If you’re using Archiva for your repository management needs, you should definitely upgrade to the latest release. Download it now!
The 1.3.x series has focused on the biggest offenders in memory usage and performance problems, and Archiva 1.3.3 brings the biggest improvements yet:
- Full scans should take about 1/3rd of the time and consume far less memory
- Removed one-off memory hits at the end of a scan
- File descriptor use during concurrent deployments are better managed
In addition, a new system status page is available for assessing the cause of potential performance issues at runtime, giving better insight into how to tune memory or scanning settings appropriately.
This work is in advance of the upcoming Archiva 1.4 release which has revived the internals more significantly, with further performance improvements and a series of new features.
It’s also worth noting that we dropped support for Archiva 1.1.x and Archiva 1.2.x in November, so there’s no reason left to remain on older versions.
I’d like to thank YourKit, who provided a free license for their profiler, which was of great assistance in tracking down these issues. I’ve used it on occasion for a number of years, and it is one of the easiest tools to use that I’ve ever encountered.
The full set of issues resolved follow:
- [MRM-1097] – Error 500 "too many open files"
- [MRM-1369] – Editing user roles in archiva clobbers continuum redback roles
- [MRM-1396] – Purge task problem : Not enough parts to the path
- [MRM-1421] – Archiva repository purge incorrectly purges based on file timestamps even when the snapshot timestamp is known
- [MRM-1443] – repository statistics collection can cause server to hang
- [MRM-1416] – upgrade to Redback 1.2.5
- [MRM-1439] – improve indexing performance
- [MRM-1440] – system status page
- [MRM-1441] – monitor repository scanning progress
- [MRM-1442] – track time spent in each consumer during a scan, to help diagnose poor scanning performance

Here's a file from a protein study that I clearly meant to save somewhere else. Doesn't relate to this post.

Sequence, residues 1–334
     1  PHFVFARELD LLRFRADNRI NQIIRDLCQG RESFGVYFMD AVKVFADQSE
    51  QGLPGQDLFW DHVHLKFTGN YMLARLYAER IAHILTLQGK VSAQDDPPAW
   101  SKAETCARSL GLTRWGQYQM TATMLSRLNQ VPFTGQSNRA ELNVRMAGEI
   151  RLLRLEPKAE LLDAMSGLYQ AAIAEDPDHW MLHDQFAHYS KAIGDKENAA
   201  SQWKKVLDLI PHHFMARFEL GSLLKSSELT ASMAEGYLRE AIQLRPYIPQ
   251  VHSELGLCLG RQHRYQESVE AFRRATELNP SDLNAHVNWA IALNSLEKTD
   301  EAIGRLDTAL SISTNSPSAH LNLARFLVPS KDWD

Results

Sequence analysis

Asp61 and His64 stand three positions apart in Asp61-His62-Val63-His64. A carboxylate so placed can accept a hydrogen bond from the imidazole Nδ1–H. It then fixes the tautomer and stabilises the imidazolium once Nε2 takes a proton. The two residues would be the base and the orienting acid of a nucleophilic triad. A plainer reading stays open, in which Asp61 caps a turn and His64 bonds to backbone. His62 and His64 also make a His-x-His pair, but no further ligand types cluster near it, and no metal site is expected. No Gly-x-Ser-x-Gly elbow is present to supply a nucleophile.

- [MRM-1445] – disable referrer check by default
In the midst of a busy couple of weeks, I neglected to post about the Archiva 1.3 release that was announced recently (and on that topic, Continuum has posted a new beta release as well).
The Archiva release focused mostly on bugfixes (particularly for indexing and LDAP), but we decided it was worthy of a version bump after the addition of an upload audit logging feature and some decent performance improvements. It’s an easy upgrade for 1.2 users – if you keep your configuration separate, then just unzip the new version and start it up using the same environment variables as you would the previous version.
Archiva is also easy to try out if you already have a Maven repository – its primary storage is the filesystem in a Maven repository format, so you can point it at a copy and everything will be available straight away (gradually indexing resources for access through the UI in the background).
As for what’s next – while it’s still to be put to vote, I hope that the next version will be based on the work I started again last year and have had in mind since almost the beginning of the project. This focuses on two underlying aspects: the removal of the archiva database requirement and the transformation to be an extensible metadata repository.
I always refer to the database removal as “Back to the Future”, since it is similar to the design pre-1.0 where Lucene was used to store all of the information, however in this case I had the opportunity to learn from our experiences and build on a more appropriate foundation:
- A central, extensible metadata model that allows storage of any different repository , artifact, or resource type;
- Delegating repository requests, to better facilitate repository grouping and proxying when configured, and to allow metadata to be regenerated from the storage on the fly;